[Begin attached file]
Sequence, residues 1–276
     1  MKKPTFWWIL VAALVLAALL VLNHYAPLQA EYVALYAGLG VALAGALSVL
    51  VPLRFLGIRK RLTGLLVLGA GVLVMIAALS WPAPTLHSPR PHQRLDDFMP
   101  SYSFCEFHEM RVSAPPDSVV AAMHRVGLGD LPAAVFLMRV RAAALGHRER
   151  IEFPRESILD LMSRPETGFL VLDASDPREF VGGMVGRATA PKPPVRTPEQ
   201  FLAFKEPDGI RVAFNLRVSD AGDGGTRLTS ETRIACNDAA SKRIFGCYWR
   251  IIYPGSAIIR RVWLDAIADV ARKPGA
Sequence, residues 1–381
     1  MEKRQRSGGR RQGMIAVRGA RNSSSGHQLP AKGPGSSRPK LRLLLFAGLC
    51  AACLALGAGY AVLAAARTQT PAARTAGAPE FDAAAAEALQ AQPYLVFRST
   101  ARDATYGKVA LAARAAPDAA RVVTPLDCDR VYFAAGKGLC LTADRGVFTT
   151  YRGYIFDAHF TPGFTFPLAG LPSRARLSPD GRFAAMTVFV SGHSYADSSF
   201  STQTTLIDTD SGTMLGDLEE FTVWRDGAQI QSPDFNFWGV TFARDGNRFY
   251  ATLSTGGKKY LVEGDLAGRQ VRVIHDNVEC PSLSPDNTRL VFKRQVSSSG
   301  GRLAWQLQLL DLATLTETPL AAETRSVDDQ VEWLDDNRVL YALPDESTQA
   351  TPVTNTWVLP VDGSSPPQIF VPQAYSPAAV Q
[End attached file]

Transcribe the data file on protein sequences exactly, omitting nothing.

Sequence, residues 1–276
     1  MKKPTFWWIL VAALVLAALL VLNHYAPLQA EYVALYAGLG VALAGALSVL
    51  VPLRFLGIRK RLTGLLVLGA GVLVMIAALS WPAPTLHSPR PHQRLDDFMP
   101  SYSFCEFHEM RVSAPPDSVV AAMHRVGLGD LPAAVFLMRV RAAALGHRER
   151  IEFPRESILD LMSRPETGFL VLDASDPREF VGGMVGRATA PKPPVRTPEQ
   201  FLAFKEPDGI RVAFNLRVSD AGDGGTRLTS ETRIACNDAA SKRIFGCYWR
   251  IIYPGSAIIR RVWLDAIADV ARKPGA
Sequence, residues 1–381
     1  MEKRQRSGGR RQGMIAVRGA RNSSSGHQLP AKGPGSSRPK LRLLLFAGLC
    51  AACLALGAGY AVLAAARTQT PAARTAGAPE FDAAAAEALQ AQPYLVFRST
   101  ARDATYGKVA LAARAAPDAA RVVTPLDCDR VYFAAGKGLC LTADRGVFTT
   151  YRGYIFDAHF TPGFTFPLAG LPSRARLSPD GRFAAMTVFV SGHSYADSSF
   201  STQTTLIDTD SGTMLGDLEE FTVWRDGAQI QSPDFNFWGV TFARDGNRFY
   251  ATLSTGGKKY LVEGDLAGRQ VRVIHDNVEC PSLSPDNTRL VFKRQVSSSG
   301  GRLAWQLQLL DLATLTETPL AAETRSVDDQ VEWLDDNRVL YALPDESTQA
   351  TPVTNTWVLP VDGSSPPQIF VPQAYSPAAV Q